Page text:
Re: Noise Reduction in UT Instrumentation : I am interested in ways to reduce/eliminate electrical noise in UT measurements systems. We frequently find ourselves inspecting highly attenuative materials at high gain and electrical noise is a problem, particularly from DC servo motors on our scanning systems. It is also a frequent problem with portable flaw detectors in electrically noisy environments. Any suggestions or comments would be welcome.
Electromagnetic noise can be transmitted to your UT measurements system through air or cable from the noise source, maybe a DC-motor.
You may work with shielding on the noise source to prevent electromagnetic waves in air. Sometimes it is better to put efforts on the source of the noise than doing a lot of work on the receiver side. We assume that the UT equipment is manufactured in a shielded unit. The probe cable and the transducer must be also shielded.
So far it seems that the shielding is simple.
However, what electrical potential should lay on the shield. Basically ground, but what kind of ground?
The center power supply provides the best ground, from there it is spread to different units (scanner, UT equipment, fane, cooling unit, pump, crane, ....)
Usually at those units you can still use the ground for analog and digital devices together. However, behind that you must be carefully. For instance if the DC motor frame provides a voltage supply and you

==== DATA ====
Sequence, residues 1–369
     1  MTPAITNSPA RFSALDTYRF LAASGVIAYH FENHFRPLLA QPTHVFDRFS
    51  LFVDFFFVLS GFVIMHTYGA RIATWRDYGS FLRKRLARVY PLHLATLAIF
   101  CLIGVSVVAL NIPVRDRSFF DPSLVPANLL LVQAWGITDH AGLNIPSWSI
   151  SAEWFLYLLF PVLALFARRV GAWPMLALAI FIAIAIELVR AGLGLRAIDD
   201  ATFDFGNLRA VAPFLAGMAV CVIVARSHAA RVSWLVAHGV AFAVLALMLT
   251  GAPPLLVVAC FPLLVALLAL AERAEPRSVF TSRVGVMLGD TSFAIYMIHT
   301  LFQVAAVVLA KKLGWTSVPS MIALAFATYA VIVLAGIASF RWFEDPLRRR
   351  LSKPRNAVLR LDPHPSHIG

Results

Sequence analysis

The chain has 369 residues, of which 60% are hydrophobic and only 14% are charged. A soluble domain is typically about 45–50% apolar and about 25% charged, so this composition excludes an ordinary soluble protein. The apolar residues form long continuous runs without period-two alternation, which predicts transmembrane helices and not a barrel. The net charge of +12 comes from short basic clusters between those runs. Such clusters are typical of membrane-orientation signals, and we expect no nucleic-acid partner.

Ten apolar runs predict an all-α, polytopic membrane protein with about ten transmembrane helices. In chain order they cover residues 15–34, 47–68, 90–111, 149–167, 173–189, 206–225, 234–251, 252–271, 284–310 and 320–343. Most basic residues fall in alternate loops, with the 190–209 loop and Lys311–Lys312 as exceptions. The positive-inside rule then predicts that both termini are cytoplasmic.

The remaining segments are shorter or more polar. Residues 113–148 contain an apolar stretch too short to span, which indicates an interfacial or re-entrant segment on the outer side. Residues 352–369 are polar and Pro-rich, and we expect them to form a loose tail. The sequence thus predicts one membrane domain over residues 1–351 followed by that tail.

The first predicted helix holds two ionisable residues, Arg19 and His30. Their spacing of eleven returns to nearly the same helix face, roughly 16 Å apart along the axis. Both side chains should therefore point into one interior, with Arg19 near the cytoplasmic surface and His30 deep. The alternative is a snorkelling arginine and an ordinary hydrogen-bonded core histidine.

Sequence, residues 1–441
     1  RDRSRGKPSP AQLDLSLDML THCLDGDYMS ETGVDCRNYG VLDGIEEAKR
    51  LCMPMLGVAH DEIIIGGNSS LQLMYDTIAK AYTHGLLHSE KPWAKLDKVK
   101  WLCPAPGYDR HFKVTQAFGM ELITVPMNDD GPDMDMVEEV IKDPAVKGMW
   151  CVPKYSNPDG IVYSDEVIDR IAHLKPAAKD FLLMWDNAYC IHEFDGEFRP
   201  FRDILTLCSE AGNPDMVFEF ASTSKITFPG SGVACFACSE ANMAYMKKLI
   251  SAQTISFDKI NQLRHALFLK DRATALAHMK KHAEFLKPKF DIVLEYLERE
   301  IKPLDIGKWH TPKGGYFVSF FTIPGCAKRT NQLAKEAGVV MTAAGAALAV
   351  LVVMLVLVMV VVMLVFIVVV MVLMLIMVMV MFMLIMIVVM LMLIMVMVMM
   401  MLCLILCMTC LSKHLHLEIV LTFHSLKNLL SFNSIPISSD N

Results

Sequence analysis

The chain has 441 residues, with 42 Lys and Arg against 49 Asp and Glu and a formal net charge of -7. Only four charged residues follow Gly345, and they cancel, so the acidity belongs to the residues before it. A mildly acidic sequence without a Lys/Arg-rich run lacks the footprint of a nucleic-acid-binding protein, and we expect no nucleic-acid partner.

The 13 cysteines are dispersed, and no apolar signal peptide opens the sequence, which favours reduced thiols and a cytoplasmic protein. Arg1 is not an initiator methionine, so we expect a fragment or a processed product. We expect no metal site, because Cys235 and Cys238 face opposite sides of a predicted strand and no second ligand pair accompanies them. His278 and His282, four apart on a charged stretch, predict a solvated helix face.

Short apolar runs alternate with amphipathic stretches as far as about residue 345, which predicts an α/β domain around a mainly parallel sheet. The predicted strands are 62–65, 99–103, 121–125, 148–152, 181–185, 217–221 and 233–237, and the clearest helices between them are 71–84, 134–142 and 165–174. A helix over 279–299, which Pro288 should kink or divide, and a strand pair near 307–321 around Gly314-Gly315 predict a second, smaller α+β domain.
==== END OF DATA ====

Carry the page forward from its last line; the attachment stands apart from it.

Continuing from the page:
use it for the UT equipment as well, that can course a problem. The theory says that all grounds should be provided separately from one
But often you cannot prevent that analog ground contact happens elsewhere, e.g. if your transducer is immersed in the water of a C-scan tank. That makes it often necessarily to connect the analog ground of the transducer
cable with the 'dirty' digital ground at the tank together. In practice people trying several options, connecting thick ground cables from one place to another until the best result is found.
UT systems designer commonly providing pulser receiver units as much as possible close to the transducers. For special applications pulser transmitters may build also inside the transducer, as so called active probes.
The main problem exist at the transducer side. The transducer needs usually a relatively high impedance matching. That means the cable shield can be inducted with a much higher noise than it would occurs with a low resistor matched cable. If you read 75 Ohm on your cable that does not helps, important is the load at both sides of the cable. It is obviously that this problem increase direct proportional with the cable length.
During the work it may help the use of a frequency analyzer which will show you the noise frequency spectrum. By switching on/off different devises you can locate the parasite of a specific noise carrier frequency and
watch the spectrum until you find the optimum grounding.
Other sources of noise can be coupled into the UT unit by a wire connections, maybe by the gate alarm output to a SPS/PLC. An opto-coupled interface can help. A connection via a low pass filter (R-C or L-C) can be a more simple solution.
Finally you must be aware about that noise exist statistically, that means you never can prevent a false alarm coursed by noise, it may come just once a day. That lead to noise reduction methods which are provided by the UT equipment. Simple amplifier filter or other digital algorithm are in practice applied.
Another forum message may look more close to this subject.